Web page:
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The fix is in. JPR reports that Jordan Cove LLC (aka Pembina, those Canadians) hired a Washington DC lobbying firm to boost Jordan Cove. There are plenty of lobbying firms in DC; however a recent employee of this particular oil & gas lobbyist happens to be newly-appointed Secretary of the Interior of the United States, David Bernhardt who last march told local representatives of Colorado"s fracked gas companies that he was "totally behind" the Jordan Cove project. Bernhardt is supposedly recused for two years from involvement with his former firm's business but the current administration in Washington doesn't actually obey the law. I reckon the decimated FERC Commission will approve the permit in January. Pembina has discovered it's cheaper to buy legislation in the country to their south rather than legitimately apply. We must hope that Oregon's DEQ and the Department of Land Conservation and Development (DLCD) continue to insist that Pembina actually prove they can build this project without laying waste to the air and water of Oregon's Southeast. We must hope that Gov. Kate Brown will finally stand up and refuse to permit our state to be the only one on the entire West Coast to allow this sort of wholesale environmental destruction.

Ainslie Krans wrote a letter last week in which he said, "... we believe the project is safe ..." and later he hedged, "I believe Jordan Cove is as safe as any project can be of this magnitude." I have no reason to doubt Mr. Krans' sincerity. Fifty years ago I told a high-school sweetheart that birth control was safe. I was also sincere. Just because you can say something doesn't make it true. And Mr. Krans, Jordan Cove is hardly "a very ordinary endeavor," as you claim.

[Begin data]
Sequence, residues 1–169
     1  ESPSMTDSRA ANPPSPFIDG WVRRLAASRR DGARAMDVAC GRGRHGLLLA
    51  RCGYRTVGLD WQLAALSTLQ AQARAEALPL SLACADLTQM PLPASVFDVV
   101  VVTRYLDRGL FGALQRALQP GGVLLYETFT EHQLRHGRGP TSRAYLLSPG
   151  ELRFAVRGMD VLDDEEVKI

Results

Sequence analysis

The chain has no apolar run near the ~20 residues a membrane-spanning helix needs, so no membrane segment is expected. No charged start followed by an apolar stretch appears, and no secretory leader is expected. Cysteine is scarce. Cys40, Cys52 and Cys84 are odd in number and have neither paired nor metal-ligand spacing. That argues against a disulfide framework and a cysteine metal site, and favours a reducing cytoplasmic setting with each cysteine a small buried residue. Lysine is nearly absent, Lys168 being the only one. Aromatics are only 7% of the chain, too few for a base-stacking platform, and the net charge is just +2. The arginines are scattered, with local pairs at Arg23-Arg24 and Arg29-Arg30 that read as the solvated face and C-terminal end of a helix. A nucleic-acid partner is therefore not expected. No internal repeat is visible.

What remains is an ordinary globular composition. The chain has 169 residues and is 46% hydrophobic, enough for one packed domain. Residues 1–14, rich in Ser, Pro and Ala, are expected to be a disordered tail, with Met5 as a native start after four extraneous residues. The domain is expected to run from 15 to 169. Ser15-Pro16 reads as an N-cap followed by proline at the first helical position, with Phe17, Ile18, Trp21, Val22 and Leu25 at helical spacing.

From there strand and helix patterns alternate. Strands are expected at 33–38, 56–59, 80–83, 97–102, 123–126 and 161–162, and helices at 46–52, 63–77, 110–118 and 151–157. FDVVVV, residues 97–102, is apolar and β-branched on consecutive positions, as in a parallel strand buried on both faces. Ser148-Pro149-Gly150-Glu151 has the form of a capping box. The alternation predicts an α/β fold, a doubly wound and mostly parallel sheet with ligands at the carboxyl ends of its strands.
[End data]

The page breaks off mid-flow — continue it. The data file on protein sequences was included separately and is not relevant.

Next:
The Google machine says for natural gas alone the Pipeline and Hazardous Materials Safety Administration (PHMSA) has collected data on more than 3200 SERIOUS or SIGNIFICANT accidents since 1987. These only involve natural gas pipelines. You can add storage, pumping station, and production accidents. And when you consider the number of accidents across the entire fossil-fuel spectrum it becomes intuitively clear to even the most casual observer that fossil-fuel infrastructure is safe until it's not. A "Fail-Safe" simply does not exist. Do the benefits outweigh the risks?

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Ron Dudas

Coos Bay

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